Agricultural Production Planning and Allocation (APPA) Model

The APPA model is a geographically detailed stochastic and dynamic model for spatio-temporal planning of agricultural activities to meet food security goals under natural and anthropogenic risks, resource constraints, and social targets. The model illustrates that explicit treatment of risks and uncertainties in agricultural production planning may considerably alter strategies for achieving robust outcomes with regard to sustainable agricultural development.

About the APPA model 

APPA is an integrated model for long term and geographically detailed planning of agricultural activities. Physical production potentials of land are incorporated in the model together with demographic and socio-economic variables and behavioral drivers to reflect spatial distribution of demands and production intensification levels. The model permits to  study in a systemic way robust pathways increasing resource use efficiency in national, subnational and regional agricultural systems to fulfill food security goals, reduce pollution (e.g., non-point source pollution) and stress on natural non-renewable resources (e.g., water, soil), which may significantly depend on the climatic conditions and weather variability.

The model incorporates economic growth scenarios and population projections to simulate alternative pathways of agricultural demand increases. In some locations, the indicators characterizing status of the environment and socio-economic conditions may exceed acceptable thresholds, signaling that further production growth in these locations should not take place. The question then becomes how and where to plan expansion of production facilities to meet demand without exacerbating problems. For this, the model uses indicators defined by various interdependent factors including the spatial distribution of people and incomes; the current levels and costs of crop and livestock production and intensification; the availability, conditions and current use of land resources. These indicators are used to discount production locations by the degree of their diverse risks and production suitability. The risk-based preference structure is then used in production allocation algorithms to derive solutions regarding sustainable and robust production expansion, allocation and intensification.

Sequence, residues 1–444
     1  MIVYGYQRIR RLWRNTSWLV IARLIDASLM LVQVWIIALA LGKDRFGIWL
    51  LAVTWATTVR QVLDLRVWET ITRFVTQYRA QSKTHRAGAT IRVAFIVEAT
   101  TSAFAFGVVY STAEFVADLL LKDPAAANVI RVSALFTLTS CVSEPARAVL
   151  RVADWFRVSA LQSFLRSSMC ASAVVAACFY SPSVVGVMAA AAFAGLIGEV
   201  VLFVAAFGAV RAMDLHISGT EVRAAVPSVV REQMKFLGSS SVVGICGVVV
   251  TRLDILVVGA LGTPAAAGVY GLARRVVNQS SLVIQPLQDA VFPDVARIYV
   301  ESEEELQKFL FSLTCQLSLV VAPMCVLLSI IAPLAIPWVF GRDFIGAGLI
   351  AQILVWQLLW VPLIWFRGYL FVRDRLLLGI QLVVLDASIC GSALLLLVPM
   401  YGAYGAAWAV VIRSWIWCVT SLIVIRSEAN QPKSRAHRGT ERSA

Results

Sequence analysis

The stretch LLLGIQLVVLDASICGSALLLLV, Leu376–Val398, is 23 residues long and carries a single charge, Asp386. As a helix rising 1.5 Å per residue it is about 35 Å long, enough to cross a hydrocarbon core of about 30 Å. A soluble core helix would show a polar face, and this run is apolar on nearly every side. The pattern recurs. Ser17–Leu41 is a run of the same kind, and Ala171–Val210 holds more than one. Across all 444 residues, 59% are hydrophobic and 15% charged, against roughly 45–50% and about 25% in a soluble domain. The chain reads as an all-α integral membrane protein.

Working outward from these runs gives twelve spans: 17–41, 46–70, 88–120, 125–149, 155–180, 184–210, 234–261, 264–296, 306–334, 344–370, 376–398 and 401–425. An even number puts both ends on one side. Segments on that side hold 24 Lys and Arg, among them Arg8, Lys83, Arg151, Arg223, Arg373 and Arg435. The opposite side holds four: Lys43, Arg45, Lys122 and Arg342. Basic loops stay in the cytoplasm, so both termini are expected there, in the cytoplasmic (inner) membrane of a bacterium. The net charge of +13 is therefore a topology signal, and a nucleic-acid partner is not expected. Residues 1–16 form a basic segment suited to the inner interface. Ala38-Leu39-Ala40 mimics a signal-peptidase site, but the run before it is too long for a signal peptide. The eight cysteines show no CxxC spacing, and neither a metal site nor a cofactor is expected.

Industrialization of agriculture has a number of comparative advantages, however adverse implications such as weather and market risks, environmental impacts, decrease of rural welfare, rural-urban migration, health hazards, GHG emissions establish the need to identify pathways to sustainable agriculture. APPA model assists in planning geographically detailed agricultural production expansion and allocation coherently with food security goals, social targets, resource and ambient constraints.


There exist different approaches to the analyses of optimal production structure and resources allocation in agriculture. APPA model follows general ideas of economic modeling outlined in Nobel Memorial Lecture by Tjalling C. Koopmans (Koopmans 1975).

APPA is a dynamic model with embedded stochastic optimization algorithms enabling to plan production expansion and resource use under natural and anthropogenic uncertainties before the information on uncertainties reveals. 

In the presence of uncertainties and resource (financial, land, water) constraints, the employed stochastic optimization algorithms allow for planning production expansion and allocation in a multi-producers environment using environmental safety and food security constraints in the form of multidimensional risk measures similar to Value-at-Risk (VaR) and Conditional Value-at-Risk (CVaR or expected shortfalls) type indicators.

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Last edited: 22 July 2013


Tatiana Ermolieva

Research Scholar Integrated Biosphere Futures Research Group - Biodiversity and Natural Resources Program

T +43(0) 2236 807 581

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International Institute for Applied Systems Analysis (IIASA)
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